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5 things you should know before shifting shares into super

Andrew Zbik  |  16 Jun 2016Text size  Decrease  Increase  |  

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Now may be an opportune time to make an in-specie contribution of shares into your SMSF or other super fund, but there are some important details to be aware of.

The last year has not been one of the kindest for share investors. The Australian All Ordinaries Index is down 5.1 per cent. Finance sector stocks are down around 7.2 per cent. Metals and mining sector stocks are down on average by 19.2 per cent for the year.

However, this ongoing volatility may present a smart opportunity for investors nearing retirement in the next five years.

It is possible to contribute your shares in what is called an "in-specie" contribution to your superannuation fund. This highlights the commonly overlooked fact that not all contributions to superannuation need to be cash.

The benefits of this strategy is that you can continue to hold your shares and move the ownership of that holding into the superannuation environment, which has a lower tax rate compared to many investors' marginal tax rate.

Additionally, if the shares are being transferred at a price lower than what you paid for them initially, there will be no capital gains tax payable.

Regardless of who wins the election on 2 July 2016, most superannuants will still be able to draw an account-based pension from the superannuation fund tax-free.

However, there are a number of things to consider:

1) Making an in-specie transfer of shares from your own name to your superannuation fund is a capital gains event. This means that if you are transferring the shares at a higher value than they were when you purchased them, you may need to pay capital gains tax.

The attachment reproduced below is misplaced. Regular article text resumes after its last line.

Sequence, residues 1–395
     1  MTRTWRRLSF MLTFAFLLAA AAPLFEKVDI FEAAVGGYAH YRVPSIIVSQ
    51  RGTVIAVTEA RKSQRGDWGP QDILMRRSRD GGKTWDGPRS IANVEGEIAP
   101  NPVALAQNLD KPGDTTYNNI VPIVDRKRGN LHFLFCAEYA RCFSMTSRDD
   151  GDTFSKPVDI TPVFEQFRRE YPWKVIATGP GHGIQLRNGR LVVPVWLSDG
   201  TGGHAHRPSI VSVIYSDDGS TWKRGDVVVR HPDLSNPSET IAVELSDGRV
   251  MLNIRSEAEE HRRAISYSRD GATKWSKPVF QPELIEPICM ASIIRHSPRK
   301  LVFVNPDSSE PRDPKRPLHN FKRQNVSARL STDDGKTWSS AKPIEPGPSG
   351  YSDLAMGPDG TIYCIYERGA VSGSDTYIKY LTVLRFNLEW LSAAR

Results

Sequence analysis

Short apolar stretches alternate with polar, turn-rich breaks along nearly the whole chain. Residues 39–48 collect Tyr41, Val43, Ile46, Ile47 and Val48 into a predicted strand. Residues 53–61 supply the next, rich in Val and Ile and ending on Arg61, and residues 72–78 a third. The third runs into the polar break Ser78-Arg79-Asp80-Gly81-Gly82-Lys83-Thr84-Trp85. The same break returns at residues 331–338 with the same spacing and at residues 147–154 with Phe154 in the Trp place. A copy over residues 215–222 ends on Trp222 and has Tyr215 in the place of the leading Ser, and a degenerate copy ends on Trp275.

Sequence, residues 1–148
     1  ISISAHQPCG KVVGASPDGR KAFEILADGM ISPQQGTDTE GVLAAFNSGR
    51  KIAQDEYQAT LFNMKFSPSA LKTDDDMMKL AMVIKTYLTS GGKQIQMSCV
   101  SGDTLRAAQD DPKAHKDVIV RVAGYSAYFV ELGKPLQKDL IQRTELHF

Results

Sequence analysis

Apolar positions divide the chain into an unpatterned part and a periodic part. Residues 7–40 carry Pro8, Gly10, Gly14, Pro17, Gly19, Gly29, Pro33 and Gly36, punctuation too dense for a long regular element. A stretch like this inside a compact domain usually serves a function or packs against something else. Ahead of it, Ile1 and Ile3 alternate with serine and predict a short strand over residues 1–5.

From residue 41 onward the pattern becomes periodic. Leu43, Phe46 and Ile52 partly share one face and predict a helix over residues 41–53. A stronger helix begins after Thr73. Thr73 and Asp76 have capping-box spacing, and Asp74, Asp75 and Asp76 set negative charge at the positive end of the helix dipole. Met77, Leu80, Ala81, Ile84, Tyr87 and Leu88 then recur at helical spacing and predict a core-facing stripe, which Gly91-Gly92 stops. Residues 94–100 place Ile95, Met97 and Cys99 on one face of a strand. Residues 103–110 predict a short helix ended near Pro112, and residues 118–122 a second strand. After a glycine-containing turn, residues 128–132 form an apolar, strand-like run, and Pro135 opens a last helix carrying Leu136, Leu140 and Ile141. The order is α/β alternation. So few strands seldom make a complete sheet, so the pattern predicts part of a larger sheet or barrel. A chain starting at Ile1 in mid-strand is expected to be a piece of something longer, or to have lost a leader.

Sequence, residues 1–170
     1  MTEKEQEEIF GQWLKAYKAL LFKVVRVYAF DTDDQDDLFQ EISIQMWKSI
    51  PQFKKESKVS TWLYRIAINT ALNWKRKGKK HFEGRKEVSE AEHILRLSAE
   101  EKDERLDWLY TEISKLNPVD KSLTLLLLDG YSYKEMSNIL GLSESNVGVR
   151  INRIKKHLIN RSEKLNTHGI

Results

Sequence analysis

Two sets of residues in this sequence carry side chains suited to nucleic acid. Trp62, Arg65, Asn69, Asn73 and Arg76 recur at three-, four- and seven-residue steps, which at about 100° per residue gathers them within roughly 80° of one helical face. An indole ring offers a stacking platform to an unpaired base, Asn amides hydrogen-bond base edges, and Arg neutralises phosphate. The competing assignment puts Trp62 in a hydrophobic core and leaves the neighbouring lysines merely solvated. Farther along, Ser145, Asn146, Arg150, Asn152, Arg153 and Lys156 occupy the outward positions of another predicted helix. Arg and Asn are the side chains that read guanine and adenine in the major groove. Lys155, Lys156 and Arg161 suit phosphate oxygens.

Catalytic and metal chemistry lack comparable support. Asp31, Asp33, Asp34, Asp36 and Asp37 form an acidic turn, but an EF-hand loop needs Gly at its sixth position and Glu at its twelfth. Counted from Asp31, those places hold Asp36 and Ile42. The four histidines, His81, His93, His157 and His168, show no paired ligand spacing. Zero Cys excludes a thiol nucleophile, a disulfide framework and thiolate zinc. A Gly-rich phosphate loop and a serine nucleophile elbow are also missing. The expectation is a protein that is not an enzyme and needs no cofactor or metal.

If you are transferring the shares at a loss, it means you will retain that loss on your tax return, which can be used to offset future capital gains.

Given some shares are trading at five-year lows, it may be an opportune time to contribute these shares to your superannuation fund to allow future gains to be made in a concessional tax environment, that is, superannuation.

2) You must choose a date that the transfer is to take place, properly report the true value of the share on that day, as your sale/purchase price. The share registry must also be notified of this transfer within 28 days.

3) Transferring shares into superannuation will most likely count towards your non-concessional contribution cap. This is currently $180,000 for the 2015-16 financial year, or $500,000 if you bring forward three years of contributions.

Given the recent proposed changes announced in the Federal Budget, you cannot make more than $500,000 in non-concessional contributions dating back from 1 July 2007.

4) Ultimately, you should only use this strategy if you anticipate to continue holding these shares for the long term.

5) Most members of SMSFs will be able to use this strategy.

Some retail superannuation funds will accept shares as an in-specie contribution. Unfortunately, most industry funds are not able to receive in-specie contributions of shares yet, but several are investigating this as an option in the future.

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Andrew Zbik is a senior financial planner with Omniwealth. This is a financial news article to be used for non-commercial purposes and is not intended to provide financial advice of any kind.

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